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JAN./FEB. 2005 VOLUME 107 NUMBER 4 Class Notes

40 | 41 | 42 | 43 | 44 | 45 | 46 | 47 | 48 | 49

40 | Mary Savage Kyle reports from Laconia, NH, that her family of three sons is healthy and busy. She sees them occasionally. Laconia is not far from where I live, and I hope to see her some day. Edna Isaacs Lowe lives in New York City. She is retired after working as a NYC schoolteacher for 30 years. She is a proud cancer survivor three times over--in 1966, 1988, and 1990. She has three dynamic physician sons and six wonderful grandchildren and recently celebrated her 61st wedding anniversary with them.

I heard from John Thatcher, who reports running two life insurance companies as his life's work. He has also been actively involved in music all his life. After four years in the Glee Club at Cornell, he continued singing for 63 years as church choir soloist and as an entertainer. Since 1959 he has been using his tenor voice to advantage in nursing home shows. Currently, he and his talented pianist, an old pro also close to 87 years old, are busy as beavers. They do the old songs for nursing and retirement home folks, including songs from the Gay Nineties up through the Thirties, with plenty of sing-alongs for the oldsters. They frequently do three shows a week, recently bringing their total to 81 for all of last year. John says, "God's been good to let me retain a deep tenor voice. It's fun and it's keeping me young."

Robert Storandt writes that when he retired as Cornell Director of Undergraduate Admissions, his friends and colleagues contributed to the establishment of the Robert W. Storandt Cornell Tradition Fellowship. It is still going strong, so in a sense, the Class of '40 has two Tradition fellowships operative.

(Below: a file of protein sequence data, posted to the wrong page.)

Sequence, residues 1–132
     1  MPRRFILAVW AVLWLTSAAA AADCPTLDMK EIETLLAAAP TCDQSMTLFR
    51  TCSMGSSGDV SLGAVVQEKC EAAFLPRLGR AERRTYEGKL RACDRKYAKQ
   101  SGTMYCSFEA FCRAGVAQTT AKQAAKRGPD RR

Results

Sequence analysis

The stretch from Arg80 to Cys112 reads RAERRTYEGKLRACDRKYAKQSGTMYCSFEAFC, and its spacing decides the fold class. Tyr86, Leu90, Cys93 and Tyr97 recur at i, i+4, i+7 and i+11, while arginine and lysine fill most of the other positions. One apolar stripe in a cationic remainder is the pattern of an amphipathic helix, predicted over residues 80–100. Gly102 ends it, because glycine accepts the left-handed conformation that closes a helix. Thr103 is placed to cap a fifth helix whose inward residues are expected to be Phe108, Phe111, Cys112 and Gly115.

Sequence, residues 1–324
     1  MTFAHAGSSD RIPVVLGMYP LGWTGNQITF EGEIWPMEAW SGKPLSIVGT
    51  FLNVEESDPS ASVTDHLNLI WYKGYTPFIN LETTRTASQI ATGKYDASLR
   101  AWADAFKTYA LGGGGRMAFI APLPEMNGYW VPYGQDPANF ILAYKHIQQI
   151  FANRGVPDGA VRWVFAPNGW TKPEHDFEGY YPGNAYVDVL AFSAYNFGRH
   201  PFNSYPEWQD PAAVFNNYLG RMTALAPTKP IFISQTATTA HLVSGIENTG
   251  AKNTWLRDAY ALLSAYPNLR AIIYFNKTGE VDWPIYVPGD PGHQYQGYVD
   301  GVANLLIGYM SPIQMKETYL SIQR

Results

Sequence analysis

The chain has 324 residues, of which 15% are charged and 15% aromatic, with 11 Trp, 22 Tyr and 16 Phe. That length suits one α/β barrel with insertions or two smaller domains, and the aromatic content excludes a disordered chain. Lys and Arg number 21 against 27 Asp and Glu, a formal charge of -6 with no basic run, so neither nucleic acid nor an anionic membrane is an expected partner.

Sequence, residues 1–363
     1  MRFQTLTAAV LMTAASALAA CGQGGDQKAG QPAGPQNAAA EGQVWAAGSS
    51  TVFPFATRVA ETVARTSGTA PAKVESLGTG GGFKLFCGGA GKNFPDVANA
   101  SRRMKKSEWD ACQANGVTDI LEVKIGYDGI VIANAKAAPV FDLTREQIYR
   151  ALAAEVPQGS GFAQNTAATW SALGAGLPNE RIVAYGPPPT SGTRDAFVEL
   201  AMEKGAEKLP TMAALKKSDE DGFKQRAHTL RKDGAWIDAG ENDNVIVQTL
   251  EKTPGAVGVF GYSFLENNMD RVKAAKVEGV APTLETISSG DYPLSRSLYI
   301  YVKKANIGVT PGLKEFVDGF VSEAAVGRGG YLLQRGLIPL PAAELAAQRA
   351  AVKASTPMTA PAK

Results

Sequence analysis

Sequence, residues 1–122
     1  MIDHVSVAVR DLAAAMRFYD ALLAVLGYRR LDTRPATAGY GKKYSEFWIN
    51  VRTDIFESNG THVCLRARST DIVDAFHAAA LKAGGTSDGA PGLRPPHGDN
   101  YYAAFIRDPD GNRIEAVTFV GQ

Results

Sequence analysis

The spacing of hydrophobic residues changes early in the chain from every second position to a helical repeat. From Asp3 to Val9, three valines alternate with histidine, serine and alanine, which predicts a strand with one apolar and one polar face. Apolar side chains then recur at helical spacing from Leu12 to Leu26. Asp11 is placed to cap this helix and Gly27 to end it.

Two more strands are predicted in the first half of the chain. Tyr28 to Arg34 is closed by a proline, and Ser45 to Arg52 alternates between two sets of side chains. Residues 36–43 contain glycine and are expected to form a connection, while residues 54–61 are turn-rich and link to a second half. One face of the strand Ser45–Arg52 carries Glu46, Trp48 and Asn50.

Clarence Padgham, living in Sun City Center, FL, is retired. He is caregiver to his wife Rose (Brodbeck) '39, as her bad knee joint confines her to a wheelchair 99 percent of the time. He manages to play golf occasionally. They became very proud great-grandparents in July '03. Clarence adds, "Probably later than most of the Class of '40, but we are just as proud." Henry Rose lives in Bay Head, NJ, and is still making steel warship models. Seven have already been donated to the US Naval Academy Museum, with four more on the way. Fourteen have gone to the Intrepid Air-Sea-Space Museum in NYC.Many in Henry's family are Cornellians, including his father Willis '10 and his brother Gilbert '38, plus a son and a daughter, a son-in-law, and two granddaughters, one presently at Cornell.

I'm sorry to report the death of Ralph Story Lash in Sept '03 in Sarasota, FL. He leaves his wife June. Margaret "Tammie" Tammen Perry moved 12 miles south, from Glenwood, FL, to the John Knox Village lifecare community in Orange City, FL. She likes it very much--lots of activities, great food, and very nice people, including a few longtime friends. Tammie's brother, John Tammen '39, died in early 2003 after several years of failing health.His widow Jane will move into a Kendal community in Granville, OH, soon.His children John Jr. and Susan Tammen Bryant '76 both live in California with their children.